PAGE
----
“The Rise of HR: Wisdom from 73 Thought Leaders,” is a recent anthology published

by the HR Certification Institute in collaboration with Dave Ulrich, Professor,
University of Michigan and Co-founder of The RBL Group, Bill Schiemann, CEO,
Metrus Group, Inc. and Libby Sartain, Business Advisor

Consolidating ten themes from leading HR voices -

The HR professional of today is more likely to be a talent expert, a technology
expert and a consultant. They must focus on 3 categories of skills:

 how to recruit, develop, and manage people;
 how to organize, enable and improve the organization; and
 how to manage, leverage, and exploit data and technology.

1. Getting the transformational change process right in an organization means
attending to the Structural, Cultural and Human elements. All change
requires an expenditure of physical, emotional and cognitive resources that
should be prioritized like any other organizational asset.

2. HR leaders need to be conductors of the organizational orchestra, by
coordinating the orchestra and being comfortable balancing the various
tensions (individual versus firm, star versus supporting players, timing, and
flow). Three key elements underlying the new HR are talent, data and
strategy, and require an ability to coordinate alignment across different levels
of organizational hierarchy.

3. HR professionals will need to spend more time thinking about and developing
strategies for operating in what has become a transparent world. More than
ever before, HR professionals have to approach their role by constantly
reminding their organization to consider the question: What would happen if
an employee or customer saw this, or if this appeared on the front page of
the newspaper?

4. Creation of an employer brand is as important as our corporate brand - and
thus HR and marketing should be attached at the hip. In this age of
transparency, employees are the media and HR is essential to marketing, as
they deliver on the brand promise day in and day out.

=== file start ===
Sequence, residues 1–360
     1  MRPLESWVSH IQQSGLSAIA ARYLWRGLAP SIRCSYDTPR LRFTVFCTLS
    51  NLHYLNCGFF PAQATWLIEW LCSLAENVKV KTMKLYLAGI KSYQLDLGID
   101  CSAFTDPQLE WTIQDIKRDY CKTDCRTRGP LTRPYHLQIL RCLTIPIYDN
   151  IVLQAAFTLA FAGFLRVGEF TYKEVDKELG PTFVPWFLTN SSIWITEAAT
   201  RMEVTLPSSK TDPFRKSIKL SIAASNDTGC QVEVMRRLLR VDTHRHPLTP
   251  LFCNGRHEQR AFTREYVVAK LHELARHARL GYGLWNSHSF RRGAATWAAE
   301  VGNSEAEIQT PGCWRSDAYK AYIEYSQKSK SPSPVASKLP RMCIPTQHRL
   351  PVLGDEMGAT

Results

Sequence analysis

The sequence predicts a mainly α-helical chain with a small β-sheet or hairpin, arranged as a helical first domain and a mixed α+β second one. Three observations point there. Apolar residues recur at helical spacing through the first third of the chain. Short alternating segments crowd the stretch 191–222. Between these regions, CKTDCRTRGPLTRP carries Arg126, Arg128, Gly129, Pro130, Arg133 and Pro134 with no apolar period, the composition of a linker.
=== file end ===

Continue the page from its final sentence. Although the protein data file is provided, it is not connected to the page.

5. In any business dialogue, an HR professional can proffer three unique
contributions - Talent, Leadership and Organization. Three dimensions of
competitive organization are organizational capabilities (what the
organization is known for, good at doing, how it allocates resources), culture
(pattern of how people think and act) and management actions (intellectual,
behavioral and process agendas).

6. Culture is the catalyst that connects executive leadership goals to HR goals
and creates a perpetual winning environment. Great cultures are created

Success in any field is based on two characteristics: long term resilience and the ability to be centered. 7. 9. HR must focus on delivering outcomes that enable top-line growth through the firm's strategic mindset and by leveraging the performance of individual roles that impact value creation and top-line growth. our finances and our relationships. Forward-thinking HR organizations choose their leadership arenas carefully. A strong community of highly capable and committed HR professionals. leaders and organizations is fundamental for the rise of HR and its future evolution. 8. our physical selves.and the least scrutinized in assessing its impact on value creation. through everyday relationships that employees have with leaders. Workforce metrics is strategically important for firms because the workforce is most firms' single largest expenditure . their work and with one another. or "in the zone" more frequently. letting others take the lead when trends are new to HR. . This resilience center spans five aspects of our lives: our emotions. our spirits. and taking a leadership role as HR becomes more involved. It means gaining credibility with functional partners from other disciplines so that they welcome the involvement of HR in their domain and are willing to help translate and apply their expertise to HR issues.